Ways to Help Right Whales

With fewer than 350 North Atlantic right whales left, we need everyone’s help to save them. Listed below are the top 10 ways that you can contribute to the protection of these incredible and important creatures. 

​​​​​​Right Whale Festival

Suggested Videos

Save the North Atlantic Right Whales: Whale and Dolphin Conservation   


Whales and The Plastic Problem: Word Wildlife Fund 

Five Solutions For Right Whales: Blue Ocean Society

The Right Whale to Save: Columbia Climate School

Save the Right Whale Act 

Ropeless Fishing: Woods Hole Oceanographic Institution

1. Boat Responsibly
Help protect our critically endangered right whales while boating. Follow these guidelines, especially in the calving area (North Carolina through NE Florida) where right whales are giving birth to and nursing their young. 

  • Slow down (10 knots or less) in areas where right whales are present

  • Keep a sharp lookout for marine life, especially during times of poor
    visibility (night, sunrise and sunset, storms)

  • Always wear polarized glasses when boating

  • Monitor VHF channel 16 and local news about right whale sightings 

  • If you see a right whale, move away slowly. Remain 500 yards away,
    ​by air and by sea.

  • Report whale sightings to 1-877-WHALE HELP  (1-877-942-5343).

​2. Whale Watch Responsibly

View right whales respectfully at the required distance (500 yards) or from shore. Use binoculars or powerful zoom lenses to get a better look. Don't forget to report right whale sightings in the Southeast U.S. to 1-877-WHALE HELP  (1-877-942-5343). In the Northeast U.S., choose whale watch tour companies that view whales responsibly, such as Whale SENSE operators (www.whalesense.org). 

3. Keep the Ocean Clean 
Do your part in keeping the ocean clean by properly disposing of trash. When at the beach, keep food packaging and other debris from blowing in the ocean; be sure to keep an eye on your toys and belongings, like balls, sand shovels, and flip flops, to ensure they do not get swept into the water. Participate in beach clean-ups. When fishing, recycle monofilament lines and retrieve all gear from the water afterwards.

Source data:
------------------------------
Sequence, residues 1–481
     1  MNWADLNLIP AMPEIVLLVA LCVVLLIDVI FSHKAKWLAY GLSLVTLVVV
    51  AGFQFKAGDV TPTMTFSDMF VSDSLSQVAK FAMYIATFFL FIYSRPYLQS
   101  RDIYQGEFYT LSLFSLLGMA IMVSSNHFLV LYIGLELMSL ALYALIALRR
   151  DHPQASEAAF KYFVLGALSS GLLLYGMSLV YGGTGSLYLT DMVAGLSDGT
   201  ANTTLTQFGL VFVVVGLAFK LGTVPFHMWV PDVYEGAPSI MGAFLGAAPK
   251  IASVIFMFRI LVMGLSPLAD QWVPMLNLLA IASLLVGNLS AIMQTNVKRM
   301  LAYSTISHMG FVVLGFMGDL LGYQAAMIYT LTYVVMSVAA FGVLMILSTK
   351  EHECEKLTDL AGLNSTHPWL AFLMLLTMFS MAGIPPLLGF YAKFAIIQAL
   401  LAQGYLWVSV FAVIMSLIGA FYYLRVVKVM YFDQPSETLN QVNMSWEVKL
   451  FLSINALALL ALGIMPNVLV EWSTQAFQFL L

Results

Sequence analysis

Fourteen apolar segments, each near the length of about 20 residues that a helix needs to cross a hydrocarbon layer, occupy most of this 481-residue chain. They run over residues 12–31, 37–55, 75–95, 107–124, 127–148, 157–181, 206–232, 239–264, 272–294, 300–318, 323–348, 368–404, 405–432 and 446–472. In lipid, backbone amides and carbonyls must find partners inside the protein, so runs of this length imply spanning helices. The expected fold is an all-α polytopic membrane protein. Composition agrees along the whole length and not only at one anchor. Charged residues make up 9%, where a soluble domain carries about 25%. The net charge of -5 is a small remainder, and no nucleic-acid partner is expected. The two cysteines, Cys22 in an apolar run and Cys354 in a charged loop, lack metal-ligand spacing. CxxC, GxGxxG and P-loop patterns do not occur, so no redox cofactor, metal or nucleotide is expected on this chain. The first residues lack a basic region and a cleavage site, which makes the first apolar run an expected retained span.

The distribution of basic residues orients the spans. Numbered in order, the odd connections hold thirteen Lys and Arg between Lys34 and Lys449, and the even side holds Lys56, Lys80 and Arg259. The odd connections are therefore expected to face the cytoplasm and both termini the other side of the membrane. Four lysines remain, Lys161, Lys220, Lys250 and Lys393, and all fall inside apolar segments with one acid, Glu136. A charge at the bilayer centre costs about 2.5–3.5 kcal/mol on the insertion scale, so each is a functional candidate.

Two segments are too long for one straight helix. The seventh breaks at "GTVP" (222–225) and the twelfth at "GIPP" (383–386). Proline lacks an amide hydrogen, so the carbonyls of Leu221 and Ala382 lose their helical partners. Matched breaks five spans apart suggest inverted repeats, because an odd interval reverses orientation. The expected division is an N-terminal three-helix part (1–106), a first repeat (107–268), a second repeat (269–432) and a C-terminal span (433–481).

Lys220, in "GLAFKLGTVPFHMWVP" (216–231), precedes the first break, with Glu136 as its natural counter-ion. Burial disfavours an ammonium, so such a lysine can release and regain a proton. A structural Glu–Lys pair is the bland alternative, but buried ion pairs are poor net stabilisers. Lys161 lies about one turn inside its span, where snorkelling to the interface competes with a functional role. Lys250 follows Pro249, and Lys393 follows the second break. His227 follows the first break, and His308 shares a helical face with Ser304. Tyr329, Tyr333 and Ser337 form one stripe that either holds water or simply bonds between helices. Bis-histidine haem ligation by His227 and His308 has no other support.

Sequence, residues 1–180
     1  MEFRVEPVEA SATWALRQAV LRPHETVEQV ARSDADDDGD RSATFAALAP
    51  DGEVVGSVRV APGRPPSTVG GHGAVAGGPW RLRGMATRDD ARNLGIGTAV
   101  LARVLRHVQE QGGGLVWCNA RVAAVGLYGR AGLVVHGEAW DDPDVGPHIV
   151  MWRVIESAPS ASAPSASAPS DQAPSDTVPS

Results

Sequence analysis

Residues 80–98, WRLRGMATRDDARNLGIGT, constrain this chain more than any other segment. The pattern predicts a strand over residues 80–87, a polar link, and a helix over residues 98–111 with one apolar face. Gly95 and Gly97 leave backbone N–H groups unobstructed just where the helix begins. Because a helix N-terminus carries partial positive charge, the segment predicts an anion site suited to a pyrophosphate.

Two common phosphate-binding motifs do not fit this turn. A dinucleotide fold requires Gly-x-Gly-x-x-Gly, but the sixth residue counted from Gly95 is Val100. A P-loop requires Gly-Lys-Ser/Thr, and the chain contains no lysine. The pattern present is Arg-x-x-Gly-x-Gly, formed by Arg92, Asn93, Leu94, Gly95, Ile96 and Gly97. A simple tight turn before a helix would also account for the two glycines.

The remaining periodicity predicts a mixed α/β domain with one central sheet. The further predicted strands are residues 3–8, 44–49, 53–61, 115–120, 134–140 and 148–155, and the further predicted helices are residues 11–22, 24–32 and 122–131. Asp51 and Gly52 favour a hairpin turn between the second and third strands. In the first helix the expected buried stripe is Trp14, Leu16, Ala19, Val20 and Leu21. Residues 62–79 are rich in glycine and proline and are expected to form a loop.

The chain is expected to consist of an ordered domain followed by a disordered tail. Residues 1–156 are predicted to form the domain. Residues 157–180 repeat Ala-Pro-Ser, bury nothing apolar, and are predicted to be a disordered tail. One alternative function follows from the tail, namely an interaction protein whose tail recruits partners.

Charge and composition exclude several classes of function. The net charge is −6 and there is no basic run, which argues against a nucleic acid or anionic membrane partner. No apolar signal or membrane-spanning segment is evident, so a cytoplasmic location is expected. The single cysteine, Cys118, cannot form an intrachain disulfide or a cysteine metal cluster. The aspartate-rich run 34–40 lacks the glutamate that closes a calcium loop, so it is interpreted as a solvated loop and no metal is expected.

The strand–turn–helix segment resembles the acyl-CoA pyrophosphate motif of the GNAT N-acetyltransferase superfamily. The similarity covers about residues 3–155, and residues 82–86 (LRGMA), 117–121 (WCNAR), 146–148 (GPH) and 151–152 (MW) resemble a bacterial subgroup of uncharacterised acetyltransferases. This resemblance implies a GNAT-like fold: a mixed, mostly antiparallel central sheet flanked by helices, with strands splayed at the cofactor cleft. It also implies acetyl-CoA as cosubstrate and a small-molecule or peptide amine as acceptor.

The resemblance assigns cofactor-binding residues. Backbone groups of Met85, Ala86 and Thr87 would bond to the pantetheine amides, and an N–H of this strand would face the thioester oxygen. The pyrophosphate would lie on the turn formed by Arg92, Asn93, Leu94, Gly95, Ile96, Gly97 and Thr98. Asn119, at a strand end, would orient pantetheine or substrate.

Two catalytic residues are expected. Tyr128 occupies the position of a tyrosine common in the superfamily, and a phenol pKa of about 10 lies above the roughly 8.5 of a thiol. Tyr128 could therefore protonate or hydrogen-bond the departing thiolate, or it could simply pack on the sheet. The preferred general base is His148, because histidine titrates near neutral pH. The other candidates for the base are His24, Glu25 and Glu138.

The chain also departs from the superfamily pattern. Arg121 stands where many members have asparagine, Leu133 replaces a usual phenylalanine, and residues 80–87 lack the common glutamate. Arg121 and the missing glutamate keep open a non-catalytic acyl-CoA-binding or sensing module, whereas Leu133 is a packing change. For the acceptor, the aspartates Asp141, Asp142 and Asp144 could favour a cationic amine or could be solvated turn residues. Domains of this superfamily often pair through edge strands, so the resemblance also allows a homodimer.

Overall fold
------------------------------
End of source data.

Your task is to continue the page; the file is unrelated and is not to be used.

4. Buy Sustainable Seafood
Learn about what kinds of fisheries threaten whales and choose responsibly. Sustainable seafood is from stocks with healthy populations; caught using practices that have minimal impact on the marine environment & species; and caught in areas where fisheries are well-managed. Buy local sustainable seafood since it will also decrease the number of vessels sharing the waters with the whales. 

5. Buy Products Made in the U.S.A.
Vessel strikes are a leading cause of death for many large whale species. Buying products made in the United States of America helps reduce the number of ships transporting goods from other countries, thus reducing the number of ships sharing the waterways with whales.   

6. Reduce Your Use of Plastic
Plastic exists all throughout the ocean both in large aggregations such as the Great Pacific Garbage patch, and as small microplastics floating all throughout the waters. Both forms of plastic pose a significant threat to marine life, such as whales, when they are accidentally consumed. To help in this issue, limit your use of plastic, especially single-use plastic such as straws and plastic bags. Alternatively, buy reusable or compostable products such as metal straws and reusable grocery bags. 

7. Cut Down on Carbon
Reducing carbon emissions helps to reverse global warming. Simple ways you can decrease your carbon footprint include reducing your travel by car, bus, train, or plane; reducing the energy usage in your home; and changing the composition of your diet. Be aware of where your products come from and be knowledgeable about the carbon footprint of the companies you buy from.

8. Let Your Voice be Heard
Vote for politicians that are in support of protecting whales and the environment. Contact your local representatives asking them to support legislation that protects whales, such as the Save Right Whales Act. Advocate for modified fishing gear, such as those that use 1700-pound or weaker breaking strength rope or ropeless fishing techniques. To show your support for policy developed to protect whales and other marine life, be sure to comment on rules published in the Federal Register. 

9. Join the Cause
Volunteer or donate to organizations that work to protect right whales; see our sponsor list for such organizations. There is much more that can be done to help, so the more people involved in this cause, the more we can make a difference. 

10. Spread the Word
Let everyone know why we need to save whales. Tell your friends and family about how important whales are and urge them to help protect them. Follow Right Whale Festival, or our partners, such as Clearwater Marine Aquarium and NOAA Fisheries, on social media and share their posts!